Consulting firm says ‘nothing is off the table’ in efficiency study, including education

? A consulting firm being paid nearly $2.6 million to find savings and efficiencies in Kansas state government said Tuesday that it may examine the budgets and operations of individual universities and public school districts in Kansas as it looks for ways to find savings and efficiencies in state government.

“The short answer is nothing is off the table right now,” said John “J.W.” Rust, a senior director with New York-based Alvarez & Marsal.

Kansas lawmakers selected that firm last month to conduct a study of state spending and operations and make recommendations for ways the state can reduce spending or be more efficient with the money it does spend.

The firm has done similar projects for other governments, most recently in Louisiana and Puerto Rico. It has also been called upon to turn around troubled school districts in St. Louis and New Orleans, although its work on those projects has stirred public controversy.

Alvarez & Marsal director John J.W. Rust speaks to cabinet-level agency officials as the consulting firm kicks off its government efficiency study in Kansas. The firm is being paid nearly .6 million to find significant savings and efficiencies in state operations, including K-12 education spending.

The company held its first meeting Tuesday with officials from cabinet-level agencies as well as K-12 and higher education.

One question that has lingered over the project since lawmakers first authorized it in this year’s budget has been how deeply the firm will focus on the details of how education money is spent.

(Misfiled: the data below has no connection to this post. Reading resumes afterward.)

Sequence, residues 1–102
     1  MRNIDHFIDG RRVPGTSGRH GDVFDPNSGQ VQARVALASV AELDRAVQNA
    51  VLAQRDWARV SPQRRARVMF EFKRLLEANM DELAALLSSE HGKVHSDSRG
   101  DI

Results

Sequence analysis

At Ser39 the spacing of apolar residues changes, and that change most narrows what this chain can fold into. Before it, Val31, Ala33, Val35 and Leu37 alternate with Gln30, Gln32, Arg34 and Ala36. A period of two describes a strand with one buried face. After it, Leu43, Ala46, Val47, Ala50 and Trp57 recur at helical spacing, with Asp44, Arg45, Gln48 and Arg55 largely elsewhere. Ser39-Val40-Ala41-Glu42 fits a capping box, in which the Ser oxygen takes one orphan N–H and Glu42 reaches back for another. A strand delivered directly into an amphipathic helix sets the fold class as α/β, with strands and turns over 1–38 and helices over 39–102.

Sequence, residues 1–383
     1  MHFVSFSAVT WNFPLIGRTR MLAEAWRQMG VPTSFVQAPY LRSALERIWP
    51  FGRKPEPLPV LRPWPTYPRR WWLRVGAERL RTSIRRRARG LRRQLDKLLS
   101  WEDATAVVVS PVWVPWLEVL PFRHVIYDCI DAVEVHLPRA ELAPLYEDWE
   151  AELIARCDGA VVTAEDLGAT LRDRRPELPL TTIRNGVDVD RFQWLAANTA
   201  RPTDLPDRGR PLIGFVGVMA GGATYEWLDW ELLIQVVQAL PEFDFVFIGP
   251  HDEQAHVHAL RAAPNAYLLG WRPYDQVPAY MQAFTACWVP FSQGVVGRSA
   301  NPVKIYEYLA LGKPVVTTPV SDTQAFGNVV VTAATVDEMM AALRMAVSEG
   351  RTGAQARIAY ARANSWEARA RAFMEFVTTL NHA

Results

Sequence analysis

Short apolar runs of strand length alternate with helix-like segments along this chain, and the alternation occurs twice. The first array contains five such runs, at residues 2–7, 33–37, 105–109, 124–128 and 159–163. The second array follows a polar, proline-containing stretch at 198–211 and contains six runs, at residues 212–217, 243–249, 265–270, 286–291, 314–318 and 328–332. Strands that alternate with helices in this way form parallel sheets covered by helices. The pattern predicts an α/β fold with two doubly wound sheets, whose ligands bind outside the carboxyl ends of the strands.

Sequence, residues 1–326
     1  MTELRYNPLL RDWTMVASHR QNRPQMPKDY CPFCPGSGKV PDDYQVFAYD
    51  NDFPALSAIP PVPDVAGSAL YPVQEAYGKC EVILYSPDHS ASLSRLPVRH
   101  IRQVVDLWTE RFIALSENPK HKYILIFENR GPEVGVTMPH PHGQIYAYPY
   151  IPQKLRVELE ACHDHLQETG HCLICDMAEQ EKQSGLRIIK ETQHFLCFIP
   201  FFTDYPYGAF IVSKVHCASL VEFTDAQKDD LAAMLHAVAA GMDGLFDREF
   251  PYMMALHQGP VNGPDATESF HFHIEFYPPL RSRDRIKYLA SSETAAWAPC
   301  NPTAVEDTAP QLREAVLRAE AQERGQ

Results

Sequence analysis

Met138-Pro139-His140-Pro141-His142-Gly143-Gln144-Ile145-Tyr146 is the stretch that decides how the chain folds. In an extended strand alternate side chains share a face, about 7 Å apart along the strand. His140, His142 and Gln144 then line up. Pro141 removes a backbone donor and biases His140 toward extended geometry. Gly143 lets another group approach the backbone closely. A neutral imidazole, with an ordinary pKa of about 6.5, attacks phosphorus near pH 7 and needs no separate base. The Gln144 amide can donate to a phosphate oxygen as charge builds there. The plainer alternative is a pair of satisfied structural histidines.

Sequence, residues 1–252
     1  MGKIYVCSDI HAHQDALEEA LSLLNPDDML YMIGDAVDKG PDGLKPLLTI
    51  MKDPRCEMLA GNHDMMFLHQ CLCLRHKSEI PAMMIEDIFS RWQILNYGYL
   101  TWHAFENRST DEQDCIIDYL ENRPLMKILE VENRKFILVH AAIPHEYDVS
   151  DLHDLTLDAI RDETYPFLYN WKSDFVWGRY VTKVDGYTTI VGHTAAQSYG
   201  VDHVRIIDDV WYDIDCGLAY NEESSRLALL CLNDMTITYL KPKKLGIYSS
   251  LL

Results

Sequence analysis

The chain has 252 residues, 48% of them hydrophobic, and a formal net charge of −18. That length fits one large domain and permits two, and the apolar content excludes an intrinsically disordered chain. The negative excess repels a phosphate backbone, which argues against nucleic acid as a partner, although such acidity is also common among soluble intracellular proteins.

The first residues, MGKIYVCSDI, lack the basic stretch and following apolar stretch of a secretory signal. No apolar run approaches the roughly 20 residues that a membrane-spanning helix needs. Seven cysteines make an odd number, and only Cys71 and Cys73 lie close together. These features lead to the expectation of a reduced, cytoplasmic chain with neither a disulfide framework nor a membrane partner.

Although K-12 education accounts for about half of the state budget, how that money gets spent is determined largely by the state’s 286 school districts, which are all managed by locally elected boards.

Higher education accounts for another 18 percent of the state budget, but that money is under the control of the state’s six universities, as well as all of the community colleges and technical schools.

Asked whether the firm planned to visit with individual districts as part of its study, Rust said, “Yes, that may occur.”

But company officials and legislative leaders insisted that A&M’s task is not just about finding ways to reduce spending, but also about finding ways the state can get better results with the money it does spend.

“That can be defined in many different ways,” said Rep. Ron Ryckman Jr., R-Overland Park, who chairs the House Appropriations Committee. “Maybe it’s the time it takes to fill out a form for one of our customers or citizens, to even the way we process a simple request to purchase staplers.”

Rust and other officials from A&M were in Topeka Tuesday to officially kick off the project. Their contract with the state calls for a preliminary report to be delivered by Jan. 1 and for a final report to be presented to the Legislature no later than Feb. 1.

Republican leaders in the Legislature have a lot riding on A&M’s ability to find savings and efficiencies.

So far this fiscal year, revenues flowing into the state have come in $42 million below projections. That means, even if revenues meet projections for the rest of the fiscal year, the state would end the year with a balance of only about $35 million, or less than 1 percent of expenditures.

Next month, though, budget officials will update those estimates, and most analysts expect them to be revised downward because sales tax revenues have consistently come in below estimates, and falling oil and gas prices have depressed severance tax and property tax revenues.

That could put the state on a path to a budget deficit, which would force Gov. Sam Brownback and the Legislature to make midyear cuts to balance this year’s budget, and possibly to consider tax increases for next year, both things they have said they do not want to do.

“I agree with the Governor’s goal of working together to find ways to trim state spending and avoid raising taxes in 2016,” House Speaker Ray Merrick, R-Stilwell, said in a recent statement. “I am excited about the possibility the Alvarez and Marsal efficiency study gives the State to continue providing quality services but at a better value for taxpayers.”